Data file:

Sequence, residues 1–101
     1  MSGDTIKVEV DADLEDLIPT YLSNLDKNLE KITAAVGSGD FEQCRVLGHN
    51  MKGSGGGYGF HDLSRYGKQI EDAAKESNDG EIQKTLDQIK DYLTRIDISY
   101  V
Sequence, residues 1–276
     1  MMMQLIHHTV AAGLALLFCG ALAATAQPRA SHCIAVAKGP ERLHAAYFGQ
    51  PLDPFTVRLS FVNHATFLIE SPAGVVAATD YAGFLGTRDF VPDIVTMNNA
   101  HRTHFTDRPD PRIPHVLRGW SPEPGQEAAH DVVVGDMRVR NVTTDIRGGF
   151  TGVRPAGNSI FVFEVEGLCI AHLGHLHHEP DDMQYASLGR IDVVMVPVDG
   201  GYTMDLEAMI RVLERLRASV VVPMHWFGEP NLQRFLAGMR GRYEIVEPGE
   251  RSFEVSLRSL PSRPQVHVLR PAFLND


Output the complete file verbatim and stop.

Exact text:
Sequence, residues 1–101
     1  MSGDTIKVEV DADLEDLIPT YLSNLDKNLE KITAAVGSGD FEQCRVLGHN
    51  MKGSGGGYGF HDLSRYGKQI EDAAKESNDG EIQKTLDQIK DYLTRIDISY
   101  V
Sequence, residues 1–276
     1  MMMQLIHHTV AAGLALLFCG ALAATAQPRA SHCIAVAKGP ERLHAAYFGQ
    51  PLDPFTVRLS FVNHATFLIE SPAGVVAATD YAGFLGTRDF VPDIVTMNNA
   101  HRTHFTDRPD PRIPHVLRGW SPEPGQEAAH DVVVGDMRVR NVTTDIRGGF
   151  TGVRPAGNSI FVFEVEGLCI AHLGHLHHEP DDMQYASLGR IDVVMVPVDG
   201  GYTMDLEAMI RVLERLRASV VVPMHWFGEP NLQRFLAGMR GRYEIVEPGE
   251  RSFEVSLRSL PSRPQVHVLR PAFLND